Interior making big moves to the cloud
The Interior Department is making a big push to the cloud in the midst of transforming its IT capabilities by awarding 10 contracts valued at as much as $10 billion over the next decade.
The Interior Department is making a big push to the cloud in the midst of transforming its IT capabilities by awarding a set of 10 indefinite-delivery, indefinite-quantity contracts valued at as much as $10 billion over the next decade.
The Foundation Cloud Hosting Services contract selected a veritable who’s who of IT and cloud providers after a lengthy process that was delayed by a bid protest that the U.S. Court of Federal Claims ultimately dismissed.
The 10 contract awardees are Aquilent, AT&T, Autonomic Resources, IBM, CGI, GTRI, Lockheed Martin, Smartronix, Unisys and Verizon.
“Each individual contract has a total cap of $1 billion, so the total value of all 10 contracts may be as much as $10 billion,” wrote Andrew Jackson, deputy assistant secretary for technology, information and business services at Interior, in a departmental blog post.
“Individual projects will be awarded via task orders, one for each project, following a one-off competition for the project between the 10 selected vendors,” he added. “All of the vendors have gone through an extensive process to gain their position as a contractor for this project. By doing it this way, Interior hopes to ensure the most competitive prices throughout the life of the contract.”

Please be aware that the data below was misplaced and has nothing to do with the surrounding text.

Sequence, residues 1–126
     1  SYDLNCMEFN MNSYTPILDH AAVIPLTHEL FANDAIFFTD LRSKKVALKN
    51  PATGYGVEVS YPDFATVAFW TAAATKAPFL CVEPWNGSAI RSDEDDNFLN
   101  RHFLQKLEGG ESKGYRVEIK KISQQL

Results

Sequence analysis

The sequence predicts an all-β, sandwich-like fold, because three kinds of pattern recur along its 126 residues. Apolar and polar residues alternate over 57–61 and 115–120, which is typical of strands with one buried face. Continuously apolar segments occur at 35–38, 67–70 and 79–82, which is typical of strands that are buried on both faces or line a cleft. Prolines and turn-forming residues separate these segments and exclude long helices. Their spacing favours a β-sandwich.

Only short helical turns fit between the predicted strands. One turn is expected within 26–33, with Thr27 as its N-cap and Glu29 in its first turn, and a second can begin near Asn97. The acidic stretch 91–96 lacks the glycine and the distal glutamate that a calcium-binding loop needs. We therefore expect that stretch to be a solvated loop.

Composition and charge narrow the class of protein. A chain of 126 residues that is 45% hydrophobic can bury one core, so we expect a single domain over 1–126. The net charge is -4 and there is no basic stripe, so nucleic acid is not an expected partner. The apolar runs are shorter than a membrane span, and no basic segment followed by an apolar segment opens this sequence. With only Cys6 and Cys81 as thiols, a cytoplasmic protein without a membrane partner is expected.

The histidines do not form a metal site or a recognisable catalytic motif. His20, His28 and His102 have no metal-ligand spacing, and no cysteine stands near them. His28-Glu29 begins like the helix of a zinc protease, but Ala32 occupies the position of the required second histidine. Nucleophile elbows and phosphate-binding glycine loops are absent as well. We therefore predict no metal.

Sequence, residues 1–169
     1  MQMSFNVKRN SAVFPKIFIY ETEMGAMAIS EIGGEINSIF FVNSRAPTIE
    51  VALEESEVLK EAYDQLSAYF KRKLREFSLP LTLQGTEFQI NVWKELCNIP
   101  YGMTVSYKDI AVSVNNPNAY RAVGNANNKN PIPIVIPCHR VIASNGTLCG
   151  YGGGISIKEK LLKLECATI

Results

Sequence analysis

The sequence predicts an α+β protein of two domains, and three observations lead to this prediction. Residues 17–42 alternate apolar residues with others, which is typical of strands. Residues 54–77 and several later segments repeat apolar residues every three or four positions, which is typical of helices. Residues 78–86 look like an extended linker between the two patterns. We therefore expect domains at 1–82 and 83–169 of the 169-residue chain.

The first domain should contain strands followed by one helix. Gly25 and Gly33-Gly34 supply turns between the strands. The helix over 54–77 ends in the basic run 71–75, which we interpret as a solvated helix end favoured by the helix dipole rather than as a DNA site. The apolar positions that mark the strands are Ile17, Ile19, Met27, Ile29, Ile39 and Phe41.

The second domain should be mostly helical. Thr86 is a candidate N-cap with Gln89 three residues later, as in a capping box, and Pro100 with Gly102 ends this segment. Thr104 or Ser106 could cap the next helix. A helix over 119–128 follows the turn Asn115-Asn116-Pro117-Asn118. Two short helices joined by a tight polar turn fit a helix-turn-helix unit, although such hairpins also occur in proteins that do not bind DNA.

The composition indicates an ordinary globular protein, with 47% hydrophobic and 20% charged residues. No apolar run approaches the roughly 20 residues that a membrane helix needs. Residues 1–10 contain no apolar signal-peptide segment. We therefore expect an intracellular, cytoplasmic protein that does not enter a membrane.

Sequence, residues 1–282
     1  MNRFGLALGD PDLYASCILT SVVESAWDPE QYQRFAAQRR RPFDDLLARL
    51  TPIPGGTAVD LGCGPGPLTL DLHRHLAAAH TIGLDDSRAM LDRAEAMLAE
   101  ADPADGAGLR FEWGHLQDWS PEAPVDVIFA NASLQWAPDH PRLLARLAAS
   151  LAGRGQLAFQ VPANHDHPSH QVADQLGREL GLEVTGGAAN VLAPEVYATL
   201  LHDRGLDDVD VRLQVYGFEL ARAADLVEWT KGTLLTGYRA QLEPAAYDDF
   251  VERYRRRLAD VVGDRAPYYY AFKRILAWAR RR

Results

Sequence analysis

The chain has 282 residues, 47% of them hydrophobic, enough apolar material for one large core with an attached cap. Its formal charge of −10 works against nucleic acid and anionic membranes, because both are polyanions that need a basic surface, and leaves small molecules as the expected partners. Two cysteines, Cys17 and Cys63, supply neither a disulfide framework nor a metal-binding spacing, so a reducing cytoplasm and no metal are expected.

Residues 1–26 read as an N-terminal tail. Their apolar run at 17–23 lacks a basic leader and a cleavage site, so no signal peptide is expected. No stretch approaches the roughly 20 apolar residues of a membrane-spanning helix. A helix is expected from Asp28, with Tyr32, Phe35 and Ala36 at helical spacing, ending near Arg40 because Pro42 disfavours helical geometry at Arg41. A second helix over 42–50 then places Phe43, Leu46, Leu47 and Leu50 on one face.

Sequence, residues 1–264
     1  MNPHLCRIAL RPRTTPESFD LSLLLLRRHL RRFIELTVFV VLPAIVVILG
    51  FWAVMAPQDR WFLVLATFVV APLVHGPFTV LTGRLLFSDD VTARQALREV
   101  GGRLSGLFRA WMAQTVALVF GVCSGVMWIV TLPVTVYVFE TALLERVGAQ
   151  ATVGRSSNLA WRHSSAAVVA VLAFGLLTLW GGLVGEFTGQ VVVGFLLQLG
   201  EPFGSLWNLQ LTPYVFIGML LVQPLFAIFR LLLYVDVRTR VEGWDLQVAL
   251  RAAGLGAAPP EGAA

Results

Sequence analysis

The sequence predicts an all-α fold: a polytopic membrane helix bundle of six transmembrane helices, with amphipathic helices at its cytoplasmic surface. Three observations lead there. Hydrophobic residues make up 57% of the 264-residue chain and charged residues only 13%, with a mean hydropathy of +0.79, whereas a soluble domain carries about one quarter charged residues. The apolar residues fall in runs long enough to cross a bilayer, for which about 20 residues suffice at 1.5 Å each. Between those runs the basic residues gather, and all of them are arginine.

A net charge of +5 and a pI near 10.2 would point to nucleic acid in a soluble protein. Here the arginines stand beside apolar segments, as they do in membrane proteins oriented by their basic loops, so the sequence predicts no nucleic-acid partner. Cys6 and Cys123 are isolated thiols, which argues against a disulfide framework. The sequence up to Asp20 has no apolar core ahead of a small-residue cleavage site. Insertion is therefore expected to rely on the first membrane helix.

The first task order under the contract was issued to Unisys for $44 million to move Interior's financial and business management system to the cloud. Other services to be provided through the contract include virtual machines, storage, database hosting, secure file transfers, Web hosting, and development and test environments.
Other federal agencies can access the cloud offerings under Interior’s Foundation Cloud Hosting Services, which can accept requests for quotes and task orders on behalf of civilian agencies and the Defense Department. In this way, the contract acts as a public showcase for those already successful cloud providers.
Overall, Jackson said Interior’s methodical, well-planned and competitive process to move to the cloud will lead to expected savings of $100 million annually from 2016 to 2020. Much of the savings will come from the consolidation of hundreds of geographically dispersed federal data centers and a reduction in the number of in-house servers.
Jackson said Interior, which is the chief steward for 20 percent of the nation’s land, is a leading IT innovator in the federal government, having transitioned to cloud-based records management and email for its 77,000 employees. Those moves and the Foundation Cloud Hosting Services contract are part of Interior’s IT Transformation
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